ROSEN: It dates back to the progressive era, when it was a more bipartisan project. Both Theodore Roosevelt and Woodrow Wilson insisted that the president was a steward of the people and had to directly channel popular will. But it was in the '80s in particular - it was really a response to the Watergate era, when conservatives impatient at the series of checks that Congress had placed on the president after the Nixon scandals began to insist that the president had to fight back. In that sense, this really is a symmetrical culmination of the effort to fight back at the post-Watergate reforms. And by creating a new vision of presidential immunity much broader than one that even the Nixon court recognized, in the dissenters' view, they've vindicated Nixon's claim that when the president does it, it's not illegal.

SHAPIRO: How would you situate this in the long context of expanding presidential authority over many decades that you've written about and covered sort of as it has happened for some of those decades?

ROSEN: It is the culmination of a project articulated in the '80s but really stretching back far before then to the '30s. And this is the victory of unilateralism, long time in the making and now arguably transforming presidential accountability for decades to come.

SHAPIRO: The victory of unilateralism - that is a strong phrase.

ROSEN: It's not as strong as the phrases in the dissenting opinions, which really are unusual by the standards of Supreme Court opinions, with Justice Sotomayor using the phrase immune, immune, immune; Justice Jackson talking about a five-alarm fire. Chief Justice Roberts sort of bristled at this and claimed that it was alarmist and insisted that he was fighting factionalism. His big concern was that presidents would prosecute their rivals, and here he felt he was defending nonpartisan legitimacy against overheated dissents. The dissenters view things entirely differently.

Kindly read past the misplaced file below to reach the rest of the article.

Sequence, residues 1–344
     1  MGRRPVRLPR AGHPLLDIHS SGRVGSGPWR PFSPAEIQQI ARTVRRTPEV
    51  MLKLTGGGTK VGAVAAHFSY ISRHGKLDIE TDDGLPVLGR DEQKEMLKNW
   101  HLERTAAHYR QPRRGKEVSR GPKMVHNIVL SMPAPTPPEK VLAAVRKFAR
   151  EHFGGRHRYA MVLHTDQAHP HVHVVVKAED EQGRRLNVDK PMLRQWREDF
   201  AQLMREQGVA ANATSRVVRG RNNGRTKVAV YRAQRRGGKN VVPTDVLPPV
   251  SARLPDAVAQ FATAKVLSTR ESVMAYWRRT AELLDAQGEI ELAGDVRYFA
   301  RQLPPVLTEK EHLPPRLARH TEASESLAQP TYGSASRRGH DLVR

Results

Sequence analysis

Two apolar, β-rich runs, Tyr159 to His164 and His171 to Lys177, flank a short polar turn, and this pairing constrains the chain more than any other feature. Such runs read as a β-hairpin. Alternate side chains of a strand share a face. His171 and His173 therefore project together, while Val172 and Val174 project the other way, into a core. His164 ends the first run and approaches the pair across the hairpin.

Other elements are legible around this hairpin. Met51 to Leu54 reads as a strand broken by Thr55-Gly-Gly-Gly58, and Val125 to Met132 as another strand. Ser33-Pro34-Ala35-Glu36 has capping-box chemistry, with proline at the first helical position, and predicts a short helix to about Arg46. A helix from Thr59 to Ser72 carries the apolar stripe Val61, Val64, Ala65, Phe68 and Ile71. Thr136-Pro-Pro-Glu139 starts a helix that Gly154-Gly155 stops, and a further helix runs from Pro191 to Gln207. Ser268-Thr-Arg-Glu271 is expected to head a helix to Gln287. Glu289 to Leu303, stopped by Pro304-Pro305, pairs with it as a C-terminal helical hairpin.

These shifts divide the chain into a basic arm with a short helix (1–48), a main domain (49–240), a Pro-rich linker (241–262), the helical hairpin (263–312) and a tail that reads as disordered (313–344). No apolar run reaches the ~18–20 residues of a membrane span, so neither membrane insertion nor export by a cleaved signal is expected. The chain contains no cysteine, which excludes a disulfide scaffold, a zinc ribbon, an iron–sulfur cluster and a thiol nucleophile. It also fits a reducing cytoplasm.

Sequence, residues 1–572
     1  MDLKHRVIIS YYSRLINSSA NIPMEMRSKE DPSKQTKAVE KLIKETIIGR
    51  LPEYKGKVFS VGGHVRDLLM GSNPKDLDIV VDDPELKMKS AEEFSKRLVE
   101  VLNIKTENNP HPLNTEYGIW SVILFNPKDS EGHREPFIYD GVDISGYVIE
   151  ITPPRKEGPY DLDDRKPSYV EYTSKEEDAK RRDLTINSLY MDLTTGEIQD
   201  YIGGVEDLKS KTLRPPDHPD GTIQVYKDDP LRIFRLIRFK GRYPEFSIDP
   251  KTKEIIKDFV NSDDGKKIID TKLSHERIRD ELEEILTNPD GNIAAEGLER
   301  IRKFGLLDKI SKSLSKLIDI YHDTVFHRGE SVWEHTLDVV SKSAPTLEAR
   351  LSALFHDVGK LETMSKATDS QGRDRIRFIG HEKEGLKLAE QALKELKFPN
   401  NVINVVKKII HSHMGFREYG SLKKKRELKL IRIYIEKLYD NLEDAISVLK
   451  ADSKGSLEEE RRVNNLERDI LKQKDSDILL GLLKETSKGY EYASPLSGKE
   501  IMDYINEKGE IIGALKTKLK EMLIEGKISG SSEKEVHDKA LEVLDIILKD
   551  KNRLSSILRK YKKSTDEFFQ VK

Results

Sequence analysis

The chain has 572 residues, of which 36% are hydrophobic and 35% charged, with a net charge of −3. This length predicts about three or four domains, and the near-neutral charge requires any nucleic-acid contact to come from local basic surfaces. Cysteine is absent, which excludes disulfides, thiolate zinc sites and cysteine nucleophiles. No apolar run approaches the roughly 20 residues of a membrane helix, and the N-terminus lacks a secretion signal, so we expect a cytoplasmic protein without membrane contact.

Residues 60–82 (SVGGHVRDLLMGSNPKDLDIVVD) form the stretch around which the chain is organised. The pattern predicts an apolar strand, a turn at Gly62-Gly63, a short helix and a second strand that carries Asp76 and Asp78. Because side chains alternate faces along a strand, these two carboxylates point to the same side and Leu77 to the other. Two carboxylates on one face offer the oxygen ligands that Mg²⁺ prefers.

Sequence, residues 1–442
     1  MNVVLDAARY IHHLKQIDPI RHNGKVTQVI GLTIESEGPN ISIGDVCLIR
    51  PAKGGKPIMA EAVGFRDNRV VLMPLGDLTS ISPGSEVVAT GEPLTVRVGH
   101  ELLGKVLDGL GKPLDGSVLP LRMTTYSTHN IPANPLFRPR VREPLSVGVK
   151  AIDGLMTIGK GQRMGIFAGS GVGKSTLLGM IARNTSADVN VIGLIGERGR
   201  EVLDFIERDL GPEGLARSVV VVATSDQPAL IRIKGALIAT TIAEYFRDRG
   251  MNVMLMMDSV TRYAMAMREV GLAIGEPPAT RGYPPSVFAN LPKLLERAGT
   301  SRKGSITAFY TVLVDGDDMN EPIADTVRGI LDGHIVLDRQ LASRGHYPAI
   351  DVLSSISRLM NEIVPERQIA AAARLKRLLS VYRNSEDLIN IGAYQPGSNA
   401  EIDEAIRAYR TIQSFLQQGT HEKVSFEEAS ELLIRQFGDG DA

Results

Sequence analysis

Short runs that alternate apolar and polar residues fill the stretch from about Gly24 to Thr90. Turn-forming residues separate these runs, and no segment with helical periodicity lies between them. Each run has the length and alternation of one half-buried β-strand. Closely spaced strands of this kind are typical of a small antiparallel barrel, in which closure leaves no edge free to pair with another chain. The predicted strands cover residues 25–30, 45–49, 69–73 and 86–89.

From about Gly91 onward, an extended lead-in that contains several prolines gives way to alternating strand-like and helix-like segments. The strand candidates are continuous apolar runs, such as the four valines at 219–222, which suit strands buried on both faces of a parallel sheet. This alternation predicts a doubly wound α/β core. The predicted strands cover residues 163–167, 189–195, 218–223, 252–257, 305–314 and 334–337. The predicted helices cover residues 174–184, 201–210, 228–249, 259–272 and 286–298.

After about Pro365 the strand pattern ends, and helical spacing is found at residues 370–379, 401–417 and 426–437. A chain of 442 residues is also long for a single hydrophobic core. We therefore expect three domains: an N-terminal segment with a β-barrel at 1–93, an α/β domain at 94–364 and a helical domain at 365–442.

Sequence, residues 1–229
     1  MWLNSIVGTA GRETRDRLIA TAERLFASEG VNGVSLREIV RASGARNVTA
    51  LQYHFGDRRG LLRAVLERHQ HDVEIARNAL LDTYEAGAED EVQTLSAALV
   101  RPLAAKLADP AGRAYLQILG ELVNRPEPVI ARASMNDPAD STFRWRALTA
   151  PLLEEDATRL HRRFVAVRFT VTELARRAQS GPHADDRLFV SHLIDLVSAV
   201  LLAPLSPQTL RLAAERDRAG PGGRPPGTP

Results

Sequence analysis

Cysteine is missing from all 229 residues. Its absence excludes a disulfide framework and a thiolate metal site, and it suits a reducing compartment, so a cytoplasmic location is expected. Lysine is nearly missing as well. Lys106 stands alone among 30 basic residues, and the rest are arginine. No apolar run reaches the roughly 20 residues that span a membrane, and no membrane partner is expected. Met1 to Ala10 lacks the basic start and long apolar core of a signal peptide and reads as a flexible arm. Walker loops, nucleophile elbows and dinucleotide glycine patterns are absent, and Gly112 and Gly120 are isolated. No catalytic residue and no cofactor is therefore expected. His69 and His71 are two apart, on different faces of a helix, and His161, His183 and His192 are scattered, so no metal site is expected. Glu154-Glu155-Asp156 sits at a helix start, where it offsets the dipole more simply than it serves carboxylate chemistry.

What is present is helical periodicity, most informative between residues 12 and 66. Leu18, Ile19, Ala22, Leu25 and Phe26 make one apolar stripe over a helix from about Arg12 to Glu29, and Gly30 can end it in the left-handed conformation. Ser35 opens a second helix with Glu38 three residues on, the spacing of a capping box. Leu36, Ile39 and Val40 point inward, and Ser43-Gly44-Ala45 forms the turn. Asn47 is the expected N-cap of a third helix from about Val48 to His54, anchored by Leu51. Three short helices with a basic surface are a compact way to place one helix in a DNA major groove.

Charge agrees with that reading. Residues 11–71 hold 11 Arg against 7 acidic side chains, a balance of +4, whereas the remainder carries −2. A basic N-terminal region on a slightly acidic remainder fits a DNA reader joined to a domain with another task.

SHAPIRO: Interesting that for people who might look at these headlines and say, an ideological divide on the Supreme Court sounds like another Monday, you're saying, no, this isn't what we see all the time. This is different.

ROSEN: This is different. It's the contours of the presidency. It's the question of accountability. It's the central question of the founding, which is the accountability of all branches and the sovereignty of we the people rather than their representatives. Of course, this is a good-faith disagreement, and six justices strongly recognize this form of immunity. So people of different perspectives can reasonably disagree. But in the view of the dissenters, this really will immunize the president from accountability in ways that the founders did not intend.

SHAPIRO: Jeff Rosen is president and CEO of the National Constitution Center. His latest book is "The Pursuit Of Happiness: How Classical Writers On Virtue Inspired The Lives Of The Founders And Defined America." Thank you so much.

ROSEN: Thank you, Ari. Thank you so much. Transcript provided by NPR, Copyright NPR.

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Kira Wakeam
Christopher Intagliata is an editor at All Things Considered, where he writes news and edits interviews with politicians, musicians, restaurant owners, scientists and many of the other voices heard on the air.
Ari Shapiro has been one of the hosts of All Things Considered, NPR's award-winning afternoon newsmagazine, since 2015. During his first two years on the program, listenership to All Things Considered grew at an unprecedented rate, with more people tuning in during a typical quarter-hour than any other program on the radio.